Digest>Archives> September 2000

Salute to the Coast Guard: Annual Hospital Point Light Open House

By Jeremy D'Entremont


Live music, a basketball tournament, a children’s theater workshop and fireworks — these are just a few of the events of the annual Beverly Massachusetts Homecoming Week on Boston’s North Shore, made possible by generous local businesses and staffed by volunteers. Each summer the United States Coast Guard plays an important part in this local festival by opening the historic Hospital Point Light Station to visitors. This year’s open house was on Sunday, August 6.

Hospital Point Light was established in 1872 to help mariners find their way into busy Salem Harbor. The name Hospital Point stems from a smallpox hospital built on this spot in 1801. The official name of the handsome brick tower is Hospital Point Range Front Light. It received this designation in 1927 when a rear range light, consisting of discarded lightship equipment, was placed in the steeple of Beverly’s First Baptist Church, a mile away. This additional light was lined up with the front range light to further help guide vessels into Salem Harbor.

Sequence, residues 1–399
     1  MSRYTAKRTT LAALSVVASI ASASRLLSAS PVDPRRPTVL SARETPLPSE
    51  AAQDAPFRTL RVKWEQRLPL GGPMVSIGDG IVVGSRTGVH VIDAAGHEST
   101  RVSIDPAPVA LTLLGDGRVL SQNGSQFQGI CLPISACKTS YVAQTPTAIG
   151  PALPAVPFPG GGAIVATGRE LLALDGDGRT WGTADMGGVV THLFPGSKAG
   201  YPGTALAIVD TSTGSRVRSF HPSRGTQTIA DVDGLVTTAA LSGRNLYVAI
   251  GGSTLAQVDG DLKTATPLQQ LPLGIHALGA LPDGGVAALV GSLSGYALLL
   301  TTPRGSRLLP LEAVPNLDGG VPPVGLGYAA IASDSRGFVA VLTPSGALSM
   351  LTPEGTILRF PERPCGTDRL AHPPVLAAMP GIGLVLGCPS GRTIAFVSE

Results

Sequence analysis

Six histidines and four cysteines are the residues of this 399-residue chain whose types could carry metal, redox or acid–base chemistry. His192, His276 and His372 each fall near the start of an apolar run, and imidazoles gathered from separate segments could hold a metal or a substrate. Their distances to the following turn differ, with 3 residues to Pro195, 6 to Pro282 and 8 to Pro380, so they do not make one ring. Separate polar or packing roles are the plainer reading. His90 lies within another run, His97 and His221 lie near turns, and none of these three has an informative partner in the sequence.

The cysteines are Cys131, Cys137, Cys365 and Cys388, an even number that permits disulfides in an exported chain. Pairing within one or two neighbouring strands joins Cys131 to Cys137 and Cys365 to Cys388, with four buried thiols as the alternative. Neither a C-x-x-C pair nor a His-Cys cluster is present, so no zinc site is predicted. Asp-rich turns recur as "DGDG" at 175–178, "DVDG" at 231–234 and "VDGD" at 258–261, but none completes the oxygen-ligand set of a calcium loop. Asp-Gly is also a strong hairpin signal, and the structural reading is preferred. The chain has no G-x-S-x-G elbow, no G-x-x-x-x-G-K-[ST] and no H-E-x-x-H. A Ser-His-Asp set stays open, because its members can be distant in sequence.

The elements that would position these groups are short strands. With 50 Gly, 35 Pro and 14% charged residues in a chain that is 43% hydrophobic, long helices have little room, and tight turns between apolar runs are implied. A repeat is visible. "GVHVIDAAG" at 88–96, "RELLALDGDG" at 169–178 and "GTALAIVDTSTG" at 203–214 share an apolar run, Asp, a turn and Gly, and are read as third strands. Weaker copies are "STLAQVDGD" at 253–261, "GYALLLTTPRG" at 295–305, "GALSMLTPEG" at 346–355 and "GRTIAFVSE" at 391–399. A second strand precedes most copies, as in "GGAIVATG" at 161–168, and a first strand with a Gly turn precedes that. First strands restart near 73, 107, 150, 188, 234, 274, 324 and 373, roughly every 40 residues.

The lighthouse was automated in 1947, and since then this tidy lighthouse station has been home to the Commander of the First Coast Guard District and his family. Today Rear Admiral George N. Naccara lives at Hospital Point with his wife Linda. Admiral Naccara oversees all Coast Guard operations in the northeastern United States, from Maine’s border with Canada to New Jersey.

Visitors to the lighthouse during the open house were shown around by members of the Coast Guard Aids to Navigation Team Boston, and had the opportunity to go up into the lantern room for a close look at the unusual 3 1/2 order Fresnel lens. The view from the top of Hospital Point Light includes three other local lighthouses: Baker’s Island Light, Marblehead Light and Fort Pickering Light.

This story appeared in the September 2000 edition of Lighthouse Digest Magazine. The print edition contains more stories than our internet edition, and each story generally contains more photographs - often many more - in the print edition. For subscription information about the print edition, click here.

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